This obviously isn't to say you should eliminate it entirely. A big chunk of my last chapter would fall apart if the characters didn't know what was going on in the Ohio country. Books like Greg Bear's Anvil of Stars would fall apart without the technological flights. But then again, characters in said chapter and book were experts, specifically living the situations that made them experts, and that expertise was interwoven into the story.

Just make sure it's not there solely to show off how much research you've done.

(I could comment here about Frederick Pohl's recent declaration--or re-declaration, since I believe he's said it before--that lazy would-be Hard SF writers write fantasy. I've read plenty of hard SF that seemed lazy with everything else to me, like characterization. But I think I'll save that for another post too. And never mind that fantasy was around long before SF.)

I suppose what it boils down to for me is this: I read a historical novel primarily for characters interacting with each other against a historical backdrop, not for history lessons. I read SF primarily for characters interacting with each other against an SF environment, not for science lessons. The history makes for a great setting, but it shouldn't be the main character. Technological explanations make for great flights of imagination in SF, but shouldn't be the main character.

And now that I'm nearly done with my latest review reading, I'm hoping to put this in practice at least a little bit more this afternoon, too.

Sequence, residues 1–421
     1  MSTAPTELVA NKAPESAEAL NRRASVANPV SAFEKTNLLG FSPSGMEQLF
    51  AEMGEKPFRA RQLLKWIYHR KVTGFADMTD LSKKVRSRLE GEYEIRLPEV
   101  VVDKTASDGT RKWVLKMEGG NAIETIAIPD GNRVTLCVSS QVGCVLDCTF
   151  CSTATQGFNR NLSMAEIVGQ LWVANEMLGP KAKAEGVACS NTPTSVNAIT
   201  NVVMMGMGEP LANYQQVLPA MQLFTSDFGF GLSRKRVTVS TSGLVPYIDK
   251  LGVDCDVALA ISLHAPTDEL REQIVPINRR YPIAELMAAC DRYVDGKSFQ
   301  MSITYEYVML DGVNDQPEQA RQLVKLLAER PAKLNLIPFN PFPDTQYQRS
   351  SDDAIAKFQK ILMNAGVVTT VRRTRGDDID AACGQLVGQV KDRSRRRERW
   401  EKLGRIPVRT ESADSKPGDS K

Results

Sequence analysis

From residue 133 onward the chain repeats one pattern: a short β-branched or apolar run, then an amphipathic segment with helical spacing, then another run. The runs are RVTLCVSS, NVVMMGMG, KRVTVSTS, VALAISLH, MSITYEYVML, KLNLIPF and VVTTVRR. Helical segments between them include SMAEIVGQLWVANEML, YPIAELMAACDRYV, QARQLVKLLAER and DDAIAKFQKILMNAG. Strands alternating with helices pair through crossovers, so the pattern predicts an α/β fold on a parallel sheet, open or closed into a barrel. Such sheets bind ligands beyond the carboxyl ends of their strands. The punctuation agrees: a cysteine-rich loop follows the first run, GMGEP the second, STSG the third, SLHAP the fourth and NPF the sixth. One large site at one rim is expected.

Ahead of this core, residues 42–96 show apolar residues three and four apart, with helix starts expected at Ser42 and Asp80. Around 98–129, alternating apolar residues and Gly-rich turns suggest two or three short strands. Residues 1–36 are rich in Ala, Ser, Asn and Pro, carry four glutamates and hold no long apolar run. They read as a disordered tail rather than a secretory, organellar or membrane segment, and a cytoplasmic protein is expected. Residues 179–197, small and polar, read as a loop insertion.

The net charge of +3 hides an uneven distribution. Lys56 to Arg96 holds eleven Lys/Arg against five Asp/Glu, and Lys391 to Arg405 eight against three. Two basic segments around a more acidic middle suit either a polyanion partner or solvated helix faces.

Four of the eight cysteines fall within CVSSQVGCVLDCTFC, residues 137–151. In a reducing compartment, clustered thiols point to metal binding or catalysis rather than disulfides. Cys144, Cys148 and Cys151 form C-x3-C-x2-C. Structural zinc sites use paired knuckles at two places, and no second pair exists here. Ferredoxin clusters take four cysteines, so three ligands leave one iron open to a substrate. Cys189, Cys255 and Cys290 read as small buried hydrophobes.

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Comments:
[User Picture]From: sartorias
2008-08-20 08:28 pm (UTC)
Good thoughts.

So many of those questions depend on reader tastes and experience that the only one that one can really get a grip on (if a slippery grip!) is What would the characters care about?
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[User Picture]From: madwriter
2008-08-21 03:00 pm (UTC)
It's certainly the one I've had the best handle on so far.
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[User Picture]From: coffeeem
2008-08-20 08:43 pm (UTC)
Yep, so many writing decisions come down to Point Of View. And using POV well fixes so many problems. Good post.
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[User Picture]From: madwriter
2008-08-21 03:00 pm (UTC)
Thanks! I tend not to do many writing posts anymore as I usually feel I have little to say or add, but I'm glad when people get something out of the ones I do write.
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[User Picture]From: anderyn
2008-08-20 08:44 pm (UTC)
YES! I think you have the nail on the head, because that's where I start losing interest when I read -- if the writer has put in detail because they think it's cool, NOT because the character would be interested/care about it.

May I please link this to my writer's group forum? It's just for our in-person group, but I'd love to share the thoughts with them.
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[User Picture]From: madwriter
2008-08-21 03:01 pm (UTC)
Be my guest. :)
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[User Picture]From: lisapt
2008-08-22 01:26 am (UTC)
Hi, I'm from anderyn's writer's group.

Thanks for the insight. I like the idea of using the background (historical, science, magic systems) as a technique for character development. By showing what the people care about, they become much more real. Everyone notices different details, and what the care or don't care about says a lot about them.

BTW, in spite of being an electrical engineer, I can't stand long technical descriptions in my SF. I skim it, even in the stories of the old masters. I don't read novels for science. I read for the characters and stories.
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[User Picture]From: madwriter